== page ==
“Most of those flights will continue to operate even if there is a strike in Spain by some Mickey Mouse union or if the Belgian cabin crew unions want to go on strike over here,” he added in a media conference.
But Ryanair pilots in Belgium decided over the weekend to join cabin crew in a strike from Friday.
Meanwhile, staff at Brussels Airlines, a Lufthansa unit, have called a three-day strike from Thursday.
In Italy, a 24-hour strike is set to hit Ryanair operations on Saturday with pilots and cabin crew calling for the airline to respect the minimum wages set for the sector under a national agreement.
Airports have also been plagued by staff shortages, which have caused long lines at check-in counters and security checks, provoking the ire of travellers.
On Monday, a strike by security agents caused the cancellation of all departures from Brussels’ Zaventem airport.
Cleaning staff at Amsterdam’s Schiphol airport temporarily stopped working on Monday after missing out on a bonus.
At Paris’ Charles de Gaulle airport, one of Europe’s largest, staff are set to strike from July 1.
Kellogg pops as it plans spin-off of legacy cereal business
Iconic breakfast food brand Kellogg became the latest US corporate giant to announce a breakup, unveiling plans Tuesday to split into three companies in a move that lifted its share price.
The company — known for such ubiquitous brands as Corn Flakes and Pop-Tarts — will spin off its North American cereal business into a new company, while a second venture will house Kellogg’s plant-based businesses.
The remaining corporation will be positioned as a higher-growth snacks business with exposure to emerging markets. This unit — which will also house the international cereal operation — accounted for roughly 80 percent of Kellogg’s $14.1 billion in 2021 revenues.
“This will unlock and create opportunity for all three businesses,” Kellogg Chief Executive Steve Cahillane said on a conference call with analysts.
The yet-to-be-named entities will initially be known as Global Snacking Co., North America Cereal Co., and Plant Co. The latter two will be created through tax-free spin-offs.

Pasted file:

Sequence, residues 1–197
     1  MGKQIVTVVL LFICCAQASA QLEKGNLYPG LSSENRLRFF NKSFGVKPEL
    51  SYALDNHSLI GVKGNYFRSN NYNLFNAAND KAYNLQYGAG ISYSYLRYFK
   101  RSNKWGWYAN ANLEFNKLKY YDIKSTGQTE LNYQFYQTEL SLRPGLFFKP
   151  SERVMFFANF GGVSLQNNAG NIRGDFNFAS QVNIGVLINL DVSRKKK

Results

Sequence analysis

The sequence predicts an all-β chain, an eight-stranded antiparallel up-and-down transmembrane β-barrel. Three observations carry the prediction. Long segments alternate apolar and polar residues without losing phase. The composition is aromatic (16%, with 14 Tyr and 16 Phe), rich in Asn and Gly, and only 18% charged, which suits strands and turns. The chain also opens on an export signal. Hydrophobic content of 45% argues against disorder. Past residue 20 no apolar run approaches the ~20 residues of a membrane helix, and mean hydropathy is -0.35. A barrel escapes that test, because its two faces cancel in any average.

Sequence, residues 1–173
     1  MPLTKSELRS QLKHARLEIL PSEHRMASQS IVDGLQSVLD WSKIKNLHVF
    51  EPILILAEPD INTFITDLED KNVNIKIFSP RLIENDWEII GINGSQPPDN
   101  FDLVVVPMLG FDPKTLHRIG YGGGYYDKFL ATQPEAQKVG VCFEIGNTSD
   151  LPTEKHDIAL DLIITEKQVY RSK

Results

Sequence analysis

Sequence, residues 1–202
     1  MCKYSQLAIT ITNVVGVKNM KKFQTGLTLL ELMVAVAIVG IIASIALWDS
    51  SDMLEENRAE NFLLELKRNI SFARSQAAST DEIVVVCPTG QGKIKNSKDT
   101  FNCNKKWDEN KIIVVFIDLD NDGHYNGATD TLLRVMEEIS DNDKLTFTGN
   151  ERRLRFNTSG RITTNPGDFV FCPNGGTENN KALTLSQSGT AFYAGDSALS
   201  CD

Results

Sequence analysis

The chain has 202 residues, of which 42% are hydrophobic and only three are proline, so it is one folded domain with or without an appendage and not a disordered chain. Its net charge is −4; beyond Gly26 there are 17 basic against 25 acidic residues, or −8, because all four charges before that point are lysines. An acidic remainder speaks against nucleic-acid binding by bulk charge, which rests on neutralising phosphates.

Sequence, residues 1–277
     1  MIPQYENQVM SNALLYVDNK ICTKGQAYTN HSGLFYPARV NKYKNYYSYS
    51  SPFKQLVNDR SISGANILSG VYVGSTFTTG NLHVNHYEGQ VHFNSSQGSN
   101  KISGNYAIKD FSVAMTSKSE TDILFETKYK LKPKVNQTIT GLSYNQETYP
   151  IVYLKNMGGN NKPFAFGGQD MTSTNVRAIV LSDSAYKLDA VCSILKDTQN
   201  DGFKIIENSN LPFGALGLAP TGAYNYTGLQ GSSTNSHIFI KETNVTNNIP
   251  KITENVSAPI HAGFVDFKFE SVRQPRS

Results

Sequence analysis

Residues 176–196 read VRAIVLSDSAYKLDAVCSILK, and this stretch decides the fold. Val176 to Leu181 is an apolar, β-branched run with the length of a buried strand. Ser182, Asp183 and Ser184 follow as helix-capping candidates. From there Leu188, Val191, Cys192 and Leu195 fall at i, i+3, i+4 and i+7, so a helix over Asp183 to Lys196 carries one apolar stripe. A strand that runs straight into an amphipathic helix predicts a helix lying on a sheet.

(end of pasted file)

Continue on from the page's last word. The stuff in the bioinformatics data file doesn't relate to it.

North American Cereal, covering the United States, Canada and the Caribbean, “will be solely dedicated to winning cereal and will not have to compete for resources with a fast-growing snack business,” said Cahillane, who will lead the new snacks company.
North American Cereal and Plant Co. would remain headquartered in Battle Creek, Michigan, while Global Snacking will have dual headquarters — in Battle Creek and Chicago.
Leadership for the other two ventures has not yet been announced.
Kellogg’s announcement comes on the heels of earlier corporate break-ups including General Electric’s November 2021 announcement of a split into three ventures, which was followed a few weeks later and by Johnson & Johnson saying it will break in two.
– Growth markets –
The company’s origins date to 1894 when WK Kellogg created Corn Flakes breakfast cereal, launching the Kellogg company 12 years later in Battle Creek, Michigan.
Subsequent products included Rice Krispies, released in 1928, and Frosted Flakes, which was unveiled in 1952 with the Tony the Tiger character on the box, which became famous for his “They’re gr-r-reat!” tagline.
But the bulk of the company’s revenues now come from global snacks, where about 50 percent of sales come from emerging markets and developed international markets.
Snack brands include Pringles, Pop-Tarts and Rice Krispies Treats, while the group also houses Eggo and other frozen breakfasts and products such as noodles in Africa, which Kellogg described as a “rapidly expanding business.”
Kellogg is aiming to complete the split by late 2023, subject to approval by US regulators.
Kellogg will continue to report as one company throughout 2022, said Chief Financial Officer Amit Banati.
The company expects to produce the required three years of audited financial statements for each of the ventures in the second half 2023.
Cahillane said it will be “business as usual over the next 18 months” while the company moves through the process.
He said Plant Co., which will house the MorningStar Farms alternative meat products, could also be acquired by another company if such an option arises and is better than an initial public offering.
Shares rose 2.9 percent to $69.60 in morning trading.